How “wellness” became the privilege of the wealthy

The sunlight glints off the glass exterior of the brand-new athletic complex as I drive past on my way to the co-working space where I spend my days. I can glimpse state-of-the-art equipment through the expansive windows and perfectly coiffed gym-goers fueled by their $15 juices. For a moment, I’m tempted to turn into the parking lot and enter this temple of wellness. Then my bank account balance flashes in my mind, and I drive on.

Scenes like this play out across Australia and America countless times every day. We’re surrounded by a culture that equates wellness with wealth, but true health remains out of reach for many. As a society, we’ve turned “wellness” into a commodity — complete with status symbols, exclusivity, and privilege. The very word conjures up images of celebrity-approved diets, $200 yoga pants, and mindfulness retreats in Byron Bay. For those with means, the pursuit of wellness can become an obsession. For everyone else, it’s an impossible dream that we’re violently shamed for not living up to.

How did we get to this point? When did wellness become so inaccessible to the average person? To find the answer, we have to look back at the evolution of the wellness industry itself.

The rise of wellness

The modern wellness movement traces its origins to the 19th century when health resorts first gained popularity. Immersing yourself in nature, mineral baths, and clean air was viewed as a tonic to the stresses of city living. These resorts catered to the upper class, who could afford the time and expense required, but they planted the seeds of today’s $4.5 trillion global wellness market.

Things accelerated in the 1970s with the emergence of the first health food stores, yoga studios, and recreational running. Practices once seen as fringe suddenly entered the mainstream. Jogging, vegetarianism, meditation — these were radical departures from the typical suburban/cosmopolitan lifestyle. But they took hold, fueled by a desire for greater meaning, connection, and vitality and by the growing influence of mass media that proselytized in favor of an ideal lifestyle in Western countries where an economic boom felt like it would last forever and the only remaining frontier was getting thin, staying thin, and being beautiful.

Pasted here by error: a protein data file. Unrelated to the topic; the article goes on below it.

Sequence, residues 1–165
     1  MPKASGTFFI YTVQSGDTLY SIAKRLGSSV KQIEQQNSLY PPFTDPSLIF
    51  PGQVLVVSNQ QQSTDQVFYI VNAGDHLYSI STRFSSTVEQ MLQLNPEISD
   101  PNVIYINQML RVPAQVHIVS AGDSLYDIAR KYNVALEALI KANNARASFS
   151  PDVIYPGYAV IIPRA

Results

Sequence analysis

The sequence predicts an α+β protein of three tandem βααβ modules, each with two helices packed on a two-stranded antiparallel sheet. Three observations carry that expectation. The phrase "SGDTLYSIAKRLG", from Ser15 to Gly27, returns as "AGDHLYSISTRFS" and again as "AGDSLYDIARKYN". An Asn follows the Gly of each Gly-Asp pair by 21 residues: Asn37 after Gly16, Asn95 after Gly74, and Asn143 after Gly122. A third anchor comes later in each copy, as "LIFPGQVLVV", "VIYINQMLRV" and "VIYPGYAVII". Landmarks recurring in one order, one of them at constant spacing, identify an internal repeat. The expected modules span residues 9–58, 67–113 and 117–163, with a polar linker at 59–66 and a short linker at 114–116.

During the 1980s, the fitness craze took off, influenced by Jane Fonda’s aerobics videos and the first health club chains. With rising incomes and more discretionary time, yuppies embraced wellness as the hot new trend. Then the 1990s brought even more expansion, with Pilates, juice bars, and destination spas gaining devotees.

Wellness was thoroughly commercialized by the early 2000s. What began as a grassroots movement had spawned into a multi-billion dollar industry awash in branded apparel, celebrity endorsements, and services catering to the wealthy. Wellness was associated with luxury, not access.

This was the start of the great divide — wellness became a status symbol, valued for its exclusivity. For those with lower incomes, the costs were increasingly prohibitive. And the emphasis moved away from lifestyle changes to quick fixes, magic bullets, and purchasing power. Wellness became commodified and sold to the highest bidder.

The new aspiration

Walk into any upscale gym or Whole Foods today, open up Instagram or TikTok, and it’s easy to see how much wellness has morphed into a marker of privilege. Who can afford a $300 infrared sauna session or a $600 Vitamix? But these are the products promoted as essential tools on the path to health.

Wellness influencers peddle customized meal plans, Peloton bikes, and wearable tech. Their immaculate kitchens are stocked with the priciest supplements and ingredients. Their self-care routines revolve around $400 facials, and therapy appointments run you $500 per hour if you can even get on their waitlist.

This aspirational wellness lifestyle elevated in magazines and social media feeds is out of reach for most people. And it promotes the mindset that true wellness requires not just hard work but opening your wallet wide.

Many have internalized the consumerist message that wellness necessitates buying the right things. The result is often stress, self-judgment, and financial strain as people chase an impossible ideal. Wellness has become the gleaming city on a hill that only a select few can enter.

Left behind

Meanwhile, vast swathes of the population are excluded entirely, priced out of the wellness game. Those struggling to pay for food, housing, healthcare, and other basics can hardly afford $25 spin classes. This creates an illusion that the affluent are the picture of health while the economically disadvantaged languish in sickness.

In reality, lower-income Americans and Australians suffer the most from conditions like obesity and diabetes. But they lack access to healthy food options, safe public parks, affordable gyms, and preventative medical care. The barriers to wellness for marginalized groups are immense, which only compounds poor health outcomes.